Our faculty’s research is frequently accepted for inclusion in the most prestigious peer-reviewed scientific journals, with over 330 articles published in 2015 alone. Below you will find the most recent publications.
The abstracts below are updated daily. For a more complete list, please visit this PubMed link.
J Urol. 2019 09;202(3):504-505
Authors: Nayan M, Fleshner N, Bozzo A
PMID: 31166882 [PubMed - indexed for MEDLINE]
A fertility needs assessment survey of male cancer patients.
Psychooncology. 2018 12;27(12):2747-2753
Authors: Perez S, Lambert SD, Lee V, Loiselle CG, Chan P, Gupta A, Lo K, Rosberger Z, Zelkowitz P
OBJECTIVE: To describe fertility-related informational needs and practices, and to examine if demographic characteristics are related to these needs and practices.
METHODS: A needs assessment survey was conducted at three Canadian cancer centres.
RESULTS: 192 male cancer patients (Mage = 33.6) completed the survey. Most patients (70%) recalled having had a discussion with a health care provider regarding their fertility and 44% banked their sperm. Patients reported not getting all the information that they wanted, eg, the risk that a future child may have the same type of cancer (78%), and what was covered by insurance plans (71%). Barriers to sperm preservation were urgency to begin cancer treatment (49%), not planning to have a child in the future (47%) and worries that cancer could be passed on to future children (38%). Participants' age and being the parent of a child were significantly associated with having had a discussion about fertility. Participants' age, province, being the parent of a child and the desire for future children were significantly associated with fertility preservation.
CONCLUSIONS: Discussions with health care providers were more frequent, and fertility preservation rates were higher than in past studies, but still not all patients' questions were answered. Misconceptions about passing on cancer to one's child, and that sperm preservation will delay treatment, should be dispelled. Health care providers can ask patients if they have any desire to have children in the future as a way to initiate a discussion of fertility preservation. Key information gaps and psychosocial resource needs are suggested to fully meet male cancer patients' fertility-related concerns.
PMID: 30176700 [PubMed - indexed for MEDLINE]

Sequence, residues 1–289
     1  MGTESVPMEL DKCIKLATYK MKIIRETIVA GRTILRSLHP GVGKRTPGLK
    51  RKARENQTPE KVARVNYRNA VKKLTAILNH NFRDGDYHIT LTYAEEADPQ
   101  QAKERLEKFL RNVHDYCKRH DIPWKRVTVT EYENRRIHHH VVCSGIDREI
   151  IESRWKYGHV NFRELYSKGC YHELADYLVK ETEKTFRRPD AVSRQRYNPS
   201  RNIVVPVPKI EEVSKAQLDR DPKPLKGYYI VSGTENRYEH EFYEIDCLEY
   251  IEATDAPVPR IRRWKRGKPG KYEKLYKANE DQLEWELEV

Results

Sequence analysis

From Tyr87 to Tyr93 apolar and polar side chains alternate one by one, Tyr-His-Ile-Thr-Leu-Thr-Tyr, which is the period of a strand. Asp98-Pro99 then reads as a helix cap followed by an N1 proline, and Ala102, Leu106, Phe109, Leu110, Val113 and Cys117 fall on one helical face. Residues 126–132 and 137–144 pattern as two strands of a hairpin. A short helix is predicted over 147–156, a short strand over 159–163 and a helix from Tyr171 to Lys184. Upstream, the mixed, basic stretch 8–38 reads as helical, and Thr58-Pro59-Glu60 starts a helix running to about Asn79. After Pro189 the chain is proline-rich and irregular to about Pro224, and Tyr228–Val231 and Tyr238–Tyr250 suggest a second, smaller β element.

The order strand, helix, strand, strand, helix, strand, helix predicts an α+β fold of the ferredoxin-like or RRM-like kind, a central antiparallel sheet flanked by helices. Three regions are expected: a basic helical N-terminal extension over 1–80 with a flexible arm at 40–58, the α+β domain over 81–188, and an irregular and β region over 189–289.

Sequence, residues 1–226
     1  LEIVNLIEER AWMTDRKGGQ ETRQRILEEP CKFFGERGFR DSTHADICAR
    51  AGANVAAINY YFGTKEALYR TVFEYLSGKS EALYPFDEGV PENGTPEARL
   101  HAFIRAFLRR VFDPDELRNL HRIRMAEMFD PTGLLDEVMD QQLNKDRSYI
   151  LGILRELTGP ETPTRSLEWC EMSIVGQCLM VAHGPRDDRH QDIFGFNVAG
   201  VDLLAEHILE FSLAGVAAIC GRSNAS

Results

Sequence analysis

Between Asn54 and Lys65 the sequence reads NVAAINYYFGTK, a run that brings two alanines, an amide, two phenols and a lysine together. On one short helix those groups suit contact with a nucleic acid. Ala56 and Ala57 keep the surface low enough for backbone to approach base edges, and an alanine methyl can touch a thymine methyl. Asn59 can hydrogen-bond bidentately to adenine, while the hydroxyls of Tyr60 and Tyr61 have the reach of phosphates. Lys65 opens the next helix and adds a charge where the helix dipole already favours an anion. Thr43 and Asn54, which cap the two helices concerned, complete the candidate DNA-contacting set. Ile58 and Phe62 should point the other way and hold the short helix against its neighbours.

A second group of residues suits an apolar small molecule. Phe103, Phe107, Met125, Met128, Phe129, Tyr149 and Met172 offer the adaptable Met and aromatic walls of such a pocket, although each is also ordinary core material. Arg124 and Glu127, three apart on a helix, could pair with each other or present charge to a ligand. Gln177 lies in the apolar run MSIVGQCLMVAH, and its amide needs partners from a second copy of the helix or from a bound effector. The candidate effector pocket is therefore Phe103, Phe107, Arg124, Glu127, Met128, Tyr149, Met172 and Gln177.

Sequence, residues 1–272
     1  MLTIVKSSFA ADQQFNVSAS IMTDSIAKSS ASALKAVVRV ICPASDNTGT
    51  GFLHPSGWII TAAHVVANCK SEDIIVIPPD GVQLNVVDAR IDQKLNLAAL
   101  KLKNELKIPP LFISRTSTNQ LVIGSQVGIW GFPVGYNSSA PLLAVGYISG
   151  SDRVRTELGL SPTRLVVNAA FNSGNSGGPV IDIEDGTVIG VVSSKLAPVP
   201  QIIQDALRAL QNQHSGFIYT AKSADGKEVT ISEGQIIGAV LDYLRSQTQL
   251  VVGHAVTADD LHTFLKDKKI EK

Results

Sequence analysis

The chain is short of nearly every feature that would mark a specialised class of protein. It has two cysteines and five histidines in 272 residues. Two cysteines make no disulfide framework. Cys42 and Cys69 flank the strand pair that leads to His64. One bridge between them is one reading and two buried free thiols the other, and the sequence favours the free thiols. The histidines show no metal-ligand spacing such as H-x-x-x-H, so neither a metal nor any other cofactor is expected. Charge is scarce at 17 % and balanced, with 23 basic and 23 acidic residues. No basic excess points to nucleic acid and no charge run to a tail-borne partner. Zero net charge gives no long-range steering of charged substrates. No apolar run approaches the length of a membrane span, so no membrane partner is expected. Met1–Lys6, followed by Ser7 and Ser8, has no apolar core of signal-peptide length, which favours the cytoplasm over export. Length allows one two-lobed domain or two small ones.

Quality improvement in patient safety (QIPS).
J Pediatr Urol. 2018 02;14(1):15
Authors: Koyle MA
PMID: 29548360 [PubMed - indexed for MEDLINE]
Quality improvement and patient safety: Reality and responsibility from Codman to today.
J Pediatr Urol. 2018 02;14(1):16-19
Authors: Koyle MA, Koyle LCC, Baker GR
Quality improvement and patient safety (QIPS) has become increasingly important in the practice of medicine, particularly since the Institute of Medicine's report, "To Err is Human." Despite surgery having been initially at the forefront in instituting QIPS, there has been a lag in promoting its importance until recently. A short history of QIPS is presented along with an introduction to the SQUIRE guidelines used for standardizing QIPS publications. As surgeons we are becoming even more accountable in promoting value in health care. As such, knowledge of QIPS will become an increasingly important component of our future practices and publications.
PMID: 28988674 [PubMed - indexed for MEDLINE]
Reduction and standardization of surgical instruments in pediatric inguinal hernia repair.
J Pediatr Urol. 2018 02;14(1):20-24
Authors: Koyle MA, AlQarni N, Odeh R, Butt H, Alkahtani MM, Konstant L, Pendergast L, Koyle LCC, Baker GR
AIM: To standardize and reduce surgical instrumentation by >25% within a 9-month period for pediatric inguinal hernia repair (PIHR), using "improvement science" methodology.
METHODS: We prospectively evaluated instruments used for PIHR in 56 consecutive cases by individual surgeons across two separate subspecialties, pediatric surgery (S) and pediatric urology (U), to measure actual number of instruments used compared with existing practice based on preference cards. Based on this evaluation, a single preference card was developed using only instruments that had been used in >50% of all cases. A subsequent series of 52 cases was analyzed to assess whether the new tray contained the ideal instrumentation. Cycle time (CT), to sterilize and package the instruments, and weights of the trays were measured before and after the intervention. A survey of operating room (OR) nurses and U and S surgeons was conducted before and after the introduction of the standardized tray to assess the impact and perception of standardization.
RESULTS: Prior to creating the standardized tray, a U PIHR tray contained 96 instruments with a weight of 13.5 lbs, while the S set contained 51, weighing 11.2 lbs. The final standardized set comprised 28 instruments and weighed 7.8 lbs. Of 52 PIHRs performed after standardization, in three (6%) instances additional instruments were requested. CT was reduced from 11 to 8 min (U and S respectively) to <5 min for the single tray. Nurses and surgeons reported that quality, safety, and efficiency were improved, and that efforts should continue to standardize instrumentation for other common surgeries.
CONCLUSIONS: Standardization of surgical equipment can be employed across disciplines with the potential to reduce costs and positively impact quality, safety, and efficiencies.
PMID: 28967607 [PubMed - indexed for MEDLINE]